Why do homes survive during a wildfire? New study released about the 2016 wildfire disaster in Fort McMurray, Alberta Canada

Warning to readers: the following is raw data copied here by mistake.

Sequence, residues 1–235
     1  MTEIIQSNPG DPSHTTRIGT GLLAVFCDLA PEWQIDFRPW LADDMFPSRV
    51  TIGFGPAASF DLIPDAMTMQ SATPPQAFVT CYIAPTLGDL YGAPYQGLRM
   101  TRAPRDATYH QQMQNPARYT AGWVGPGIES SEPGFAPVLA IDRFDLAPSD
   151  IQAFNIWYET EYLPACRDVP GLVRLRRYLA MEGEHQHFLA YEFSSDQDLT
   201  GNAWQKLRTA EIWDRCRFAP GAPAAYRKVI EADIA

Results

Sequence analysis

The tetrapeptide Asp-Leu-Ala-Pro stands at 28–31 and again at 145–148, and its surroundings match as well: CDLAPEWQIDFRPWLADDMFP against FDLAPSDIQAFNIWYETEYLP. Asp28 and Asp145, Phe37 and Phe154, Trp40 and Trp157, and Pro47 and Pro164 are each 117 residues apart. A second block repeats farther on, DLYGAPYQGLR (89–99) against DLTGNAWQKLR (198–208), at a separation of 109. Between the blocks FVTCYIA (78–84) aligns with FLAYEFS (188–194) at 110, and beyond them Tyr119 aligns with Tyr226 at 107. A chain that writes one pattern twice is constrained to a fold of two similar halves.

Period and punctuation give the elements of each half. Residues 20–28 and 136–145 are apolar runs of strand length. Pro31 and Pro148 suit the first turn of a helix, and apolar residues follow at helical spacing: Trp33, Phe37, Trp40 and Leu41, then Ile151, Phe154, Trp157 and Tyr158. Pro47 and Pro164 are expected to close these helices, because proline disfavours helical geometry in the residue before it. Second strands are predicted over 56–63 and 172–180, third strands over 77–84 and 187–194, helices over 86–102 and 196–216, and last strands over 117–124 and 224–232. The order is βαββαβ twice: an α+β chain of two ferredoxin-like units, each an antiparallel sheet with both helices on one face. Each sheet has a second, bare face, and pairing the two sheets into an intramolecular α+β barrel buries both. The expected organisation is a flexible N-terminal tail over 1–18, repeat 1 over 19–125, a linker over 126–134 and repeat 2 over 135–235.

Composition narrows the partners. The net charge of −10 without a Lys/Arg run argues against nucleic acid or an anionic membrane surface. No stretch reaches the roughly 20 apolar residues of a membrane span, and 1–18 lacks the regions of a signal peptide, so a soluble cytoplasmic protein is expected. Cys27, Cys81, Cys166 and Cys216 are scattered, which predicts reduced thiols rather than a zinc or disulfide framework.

A new preliminary report about the wildfire disaster in Fort McMurray was just released in August of this year.  “Why Some Homes Survived: Learning From the Fort McMurray Wildfire Disaster” published by the Institute of Catastrophic Loss Reduction and written by principle researcher, Alan Westhaver examined in the aftermath of the wildfire that destroyed over 2,400 homes why some homes survived while so many others were lost.  With the increasing losses from wildfire and the continued growth of new communities in the wildland urban interface, gaining knowledge about what worked and what did not is not only helpful to communities as they rebuild but is also helpful to existing and new communities so that loss due to wildfire can be reduced through mitigation efforts. The research was completed by using a methodology of completing on-site visual inspections made from the perimeter of surviving and burned homes and systematic hazard assessments were completed on 85 homes and adjacent properties using Home Ignition Zone and FireSmart® ( FireSmart® the Canadian counterpart to Firewise®) guidelines. The study concluded that the majority of home ignitions appeared to be started by embers, which then created a sequence of home to home ignitions. According to the report: “• On average, surviving homes in urban and country residential areas rated with ‘Low' to ‘Moderate' hazard using FireSmart® criteria, whereas homes destroyed rated ‘High' to ‘Extreme' hazard. • In 89% of the side-by-side comparisons conducted (where one home survived and the other did not), the surviving home rated with substantially lower risk. • 100% of homes/home groups that survived extreme exposure without igniting rated ‘Low' hazard. • 81% of all assessed homes that survived had a FireSmart rating of ‘Low' – ‘Moderate' whereas 56% of homes that were destroyed had a FireSmart rating of ‘High' to ‘Extreme'. • All of the isolated homes that survived amidst heavily damaged urban neighborhoods rated with ‘Low' hazard when vegetation further than 30m from the home was discounted. • All of the isolated homes that ignited amidst otherwise undamaged neighborhoods were either rated with ‘Extreme' hazard, or had critical weaknesses making them immediately vulnerable” We all can take action today to make changes to our homes and the landscape surrounding our homes to improve resilience in the event of a wildfire.  The Firewise website offers a free downloadable toolkit, no cost on-line learning opportunities and no cost Firewise® resources.  It is the little things that can help a home survive a wildfire.  Learn how you and your neighborhood can become more resilient today.                                                                                                                               Picture of FireSmart Home that survived in Fort McMurray by Alan Westerhaven